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Johnson v. Henderson County Detention Center Transit Police

United States District Court, W.D. Kentucky, Owensboro

March 11, 2019



          Joseph H. McKinley Jr., District Judge United States District Court

         This is a pro se civil rights action brought by a pretrial detainee pursuant to 42 U.S.C. § 1983. This matter is before the Court for screening pursuant to 28 U.S.C. § 1915A. For the reasons set forth below, the Court will dismiss some claims, but allow Plaintiff the opportunity to amend his complaint.


         Plaintiff Hasan Johnson is incarcerated at the Henderson County Detention Center (HCDC). He names the HCDC “Transit Police” and three HCDC officials as Defendants in this in action - “Sgt. McKenzie, ” “Officer Baker, ” and “Colonel Hendrix.” He indicates that he is suing Defendants McKenzie and Baker in their official capacities only and Defendant Hendrix in both his official and individual capacities.

         Plaintiff first seems to allege that from July 2018 until the date he filed the complaint, which was August 14, 2018, [1] he was denied access to his personal property, which included “socks, shoes, boxers, T-shirts, soap, lotion, shampoo, toothpaste, toothbrush, etc.” and “phone numbers, legal work, addresses which results to having no clothes, hygienic treatment, no legal assistance.”

         Plaintiff then alleges that he was temporarily placed in a cell (“505”) which was “directly in front of a open shower that being used all day and all night long.” Plaintiff alleges that this constituted “cruel and unusual punishment.”

         Plaintiff next alleges that he was told to move to “cell 409, ” where he “would have had to sleep with my head or foot in front of toilet on mattress and bed roll.” Plaintiff states that Defendants McKenzie and Baker told him that if he did not stay in “cell 409, ” he would be placed in a disciplinary cell. Plaintiff indicates that when he asked Defendant McKenzie for a different cell, Defendants McKenzie and Baker:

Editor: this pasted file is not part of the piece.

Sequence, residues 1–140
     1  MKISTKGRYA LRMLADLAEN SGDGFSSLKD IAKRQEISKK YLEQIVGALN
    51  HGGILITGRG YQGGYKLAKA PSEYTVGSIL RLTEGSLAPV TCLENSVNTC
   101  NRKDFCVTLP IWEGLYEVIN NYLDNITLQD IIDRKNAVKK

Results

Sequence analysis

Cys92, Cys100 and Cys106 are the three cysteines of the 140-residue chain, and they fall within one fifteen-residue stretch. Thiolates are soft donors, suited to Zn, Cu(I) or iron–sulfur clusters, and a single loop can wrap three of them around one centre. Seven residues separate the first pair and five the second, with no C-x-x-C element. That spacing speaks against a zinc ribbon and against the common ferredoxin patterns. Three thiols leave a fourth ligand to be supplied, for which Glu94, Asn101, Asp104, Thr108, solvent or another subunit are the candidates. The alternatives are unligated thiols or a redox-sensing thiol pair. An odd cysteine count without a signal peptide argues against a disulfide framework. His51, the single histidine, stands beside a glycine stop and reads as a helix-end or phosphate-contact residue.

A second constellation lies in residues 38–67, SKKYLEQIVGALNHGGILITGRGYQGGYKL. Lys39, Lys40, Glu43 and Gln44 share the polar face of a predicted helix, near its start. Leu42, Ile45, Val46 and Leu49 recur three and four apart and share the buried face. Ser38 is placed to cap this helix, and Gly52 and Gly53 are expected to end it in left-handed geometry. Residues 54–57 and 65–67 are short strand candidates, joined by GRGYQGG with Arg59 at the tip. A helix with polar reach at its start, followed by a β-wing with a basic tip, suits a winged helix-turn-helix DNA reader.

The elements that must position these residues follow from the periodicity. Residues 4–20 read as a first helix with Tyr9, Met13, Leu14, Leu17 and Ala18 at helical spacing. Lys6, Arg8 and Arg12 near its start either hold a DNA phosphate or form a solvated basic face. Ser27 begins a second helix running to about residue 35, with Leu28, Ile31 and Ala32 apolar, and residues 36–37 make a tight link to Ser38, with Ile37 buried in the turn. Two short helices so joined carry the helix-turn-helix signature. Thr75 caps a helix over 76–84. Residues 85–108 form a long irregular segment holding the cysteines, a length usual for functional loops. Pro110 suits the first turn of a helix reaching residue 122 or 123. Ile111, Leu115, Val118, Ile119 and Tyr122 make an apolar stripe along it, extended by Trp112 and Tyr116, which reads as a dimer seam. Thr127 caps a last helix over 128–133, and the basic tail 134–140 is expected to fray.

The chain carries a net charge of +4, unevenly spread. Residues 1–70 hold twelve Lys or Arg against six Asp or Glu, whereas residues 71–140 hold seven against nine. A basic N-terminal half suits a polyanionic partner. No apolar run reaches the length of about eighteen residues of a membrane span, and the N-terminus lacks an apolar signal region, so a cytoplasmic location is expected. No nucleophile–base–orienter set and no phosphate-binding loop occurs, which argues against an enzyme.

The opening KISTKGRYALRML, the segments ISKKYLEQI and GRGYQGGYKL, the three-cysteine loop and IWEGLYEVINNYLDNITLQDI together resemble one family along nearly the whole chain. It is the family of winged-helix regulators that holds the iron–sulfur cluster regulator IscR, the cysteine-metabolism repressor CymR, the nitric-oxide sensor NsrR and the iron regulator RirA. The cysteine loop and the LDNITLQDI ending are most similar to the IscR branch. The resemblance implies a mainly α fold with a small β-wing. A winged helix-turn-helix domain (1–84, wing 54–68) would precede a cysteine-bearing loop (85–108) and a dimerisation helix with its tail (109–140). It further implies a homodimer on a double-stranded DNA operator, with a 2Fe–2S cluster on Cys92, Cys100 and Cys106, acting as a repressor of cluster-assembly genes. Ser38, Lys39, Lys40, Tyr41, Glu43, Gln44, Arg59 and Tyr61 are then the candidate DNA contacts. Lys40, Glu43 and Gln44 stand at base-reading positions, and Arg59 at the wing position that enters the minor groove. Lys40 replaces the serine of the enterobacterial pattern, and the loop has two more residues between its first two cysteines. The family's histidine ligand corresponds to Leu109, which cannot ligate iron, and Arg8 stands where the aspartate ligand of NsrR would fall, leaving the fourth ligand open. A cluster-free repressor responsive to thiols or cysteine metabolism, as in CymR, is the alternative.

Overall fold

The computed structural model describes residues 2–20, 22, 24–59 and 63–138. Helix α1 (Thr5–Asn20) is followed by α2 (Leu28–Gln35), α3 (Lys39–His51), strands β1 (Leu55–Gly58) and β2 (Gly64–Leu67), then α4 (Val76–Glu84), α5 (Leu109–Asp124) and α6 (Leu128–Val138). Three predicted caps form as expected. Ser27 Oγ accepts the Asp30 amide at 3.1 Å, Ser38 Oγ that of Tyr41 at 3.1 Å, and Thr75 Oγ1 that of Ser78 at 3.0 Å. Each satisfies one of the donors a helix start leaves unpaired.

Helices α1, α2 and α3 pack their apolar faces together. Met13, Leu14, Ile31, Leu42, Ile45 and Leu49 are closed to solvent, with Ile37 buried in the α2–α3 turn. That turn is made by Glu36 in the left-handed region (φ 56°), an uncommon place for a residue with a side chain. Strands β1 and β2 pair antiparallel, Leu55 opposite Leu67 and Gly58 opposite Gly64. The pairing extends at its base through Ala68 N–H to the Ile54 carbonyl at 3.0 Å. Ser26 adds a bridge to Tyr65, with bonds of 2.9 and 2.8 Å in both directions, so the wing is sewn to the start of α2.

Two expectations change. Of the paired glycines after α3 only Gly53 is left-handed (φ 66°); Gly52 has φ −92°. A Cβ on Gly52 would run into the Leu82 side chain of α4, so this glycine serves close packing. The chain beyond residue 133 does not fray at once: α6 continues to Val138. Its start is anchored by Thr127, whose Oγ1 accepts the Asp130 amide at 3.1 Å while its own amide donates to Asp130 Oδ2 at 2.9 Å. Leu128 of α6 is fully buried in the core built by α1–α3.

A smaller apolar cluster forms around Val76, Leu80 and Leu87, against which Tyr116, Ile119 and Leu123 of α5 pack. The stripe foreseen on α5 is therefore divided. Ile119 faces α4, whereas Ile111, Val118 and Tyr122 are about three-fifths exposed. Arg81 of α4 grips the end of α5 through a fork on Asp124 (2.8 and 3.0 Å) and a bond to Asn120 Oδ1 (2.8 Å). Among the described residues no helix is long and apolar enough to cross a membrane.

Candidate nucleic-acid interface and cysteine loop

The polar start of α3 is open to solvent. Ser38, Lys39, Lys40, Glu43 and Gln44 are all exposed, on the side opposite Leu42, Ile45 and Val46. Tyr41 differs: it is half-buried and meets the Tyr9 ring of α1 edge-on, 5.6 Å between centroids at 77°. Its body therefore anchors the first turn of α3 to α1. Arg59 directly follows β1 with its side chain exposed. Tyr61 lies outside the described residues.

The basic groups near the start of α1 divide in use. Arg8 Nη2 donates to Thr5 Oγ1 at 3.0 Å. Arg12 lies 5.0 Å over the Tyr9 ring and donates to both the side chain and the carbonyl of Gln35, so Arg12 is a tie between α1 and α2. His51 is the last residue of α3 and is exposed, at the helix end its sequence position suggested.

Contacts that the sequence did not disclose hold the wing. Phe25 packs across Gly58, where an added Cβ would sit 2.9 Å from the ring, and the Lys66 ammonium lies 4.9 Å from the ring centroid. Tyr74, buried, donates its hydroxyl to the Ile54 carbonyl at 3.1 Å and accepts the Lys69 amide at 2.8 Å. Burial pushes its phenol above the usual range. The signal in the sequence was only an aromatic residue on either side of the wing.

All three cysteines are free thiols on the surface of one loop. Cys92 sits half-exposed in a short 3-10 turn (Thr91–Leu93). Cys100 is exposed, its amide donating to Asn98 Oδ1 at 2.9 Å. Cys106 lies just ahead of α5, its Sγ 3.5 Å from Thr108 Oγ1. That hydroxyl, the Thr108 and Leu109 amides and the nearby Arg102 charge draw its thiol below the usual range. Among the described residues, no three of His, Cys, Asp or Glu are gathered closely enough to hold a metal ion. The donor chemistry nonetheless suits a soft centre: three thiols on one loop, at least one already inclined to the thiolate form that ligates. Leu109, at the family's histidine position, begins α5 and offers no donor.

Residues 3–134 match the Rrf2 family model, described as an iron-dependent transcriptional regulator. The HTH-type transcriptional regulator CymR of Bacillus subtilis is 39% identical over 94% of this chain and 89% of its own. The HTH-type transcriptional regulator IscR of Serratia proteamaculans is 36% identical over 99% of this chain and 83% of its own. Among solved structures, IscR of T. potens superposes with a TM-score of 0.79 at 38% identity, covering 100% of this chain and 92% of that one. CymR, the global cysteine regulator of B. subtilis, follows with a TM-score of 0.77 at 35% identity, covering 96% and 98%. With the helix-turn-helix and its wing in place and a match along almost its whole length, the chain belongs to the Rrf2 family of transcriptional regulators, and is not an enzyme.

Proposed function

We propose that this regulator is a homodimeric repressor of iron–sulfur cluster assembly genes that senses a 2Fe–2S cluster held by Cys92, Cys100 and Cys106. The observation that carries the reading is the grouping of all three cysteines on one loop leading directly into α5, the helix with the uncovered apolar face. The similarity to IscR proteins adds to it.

grabbed my arms, gripping hard, causing pain me not resisting I felt the need to cover my face put my hands up and forward it looks like punches are being thrown at me (assault by staff or staff officials police brutality). Then the Sgt. and two other officers start yanking me away with my arms out I felt punches him me in the face I then tried to defend myself. But they had my arms from time to time I then felt punches hit me in my face side of face and back of hand. The next thing I know I was in a [illegible] Officers, Sgts., and Lts. as well hit me with cuff shackles, door keys, walkie-talkies as well kicked and punched by Transit Police Officers. Then tasered with volts and pressure on my right leg real hard . . . . So as the result of the matter I sustained a contusion and facial laceration to side of left eye and bruised and darkened eye with bruised and abrasions on my left side of my face, swelling to my face and head.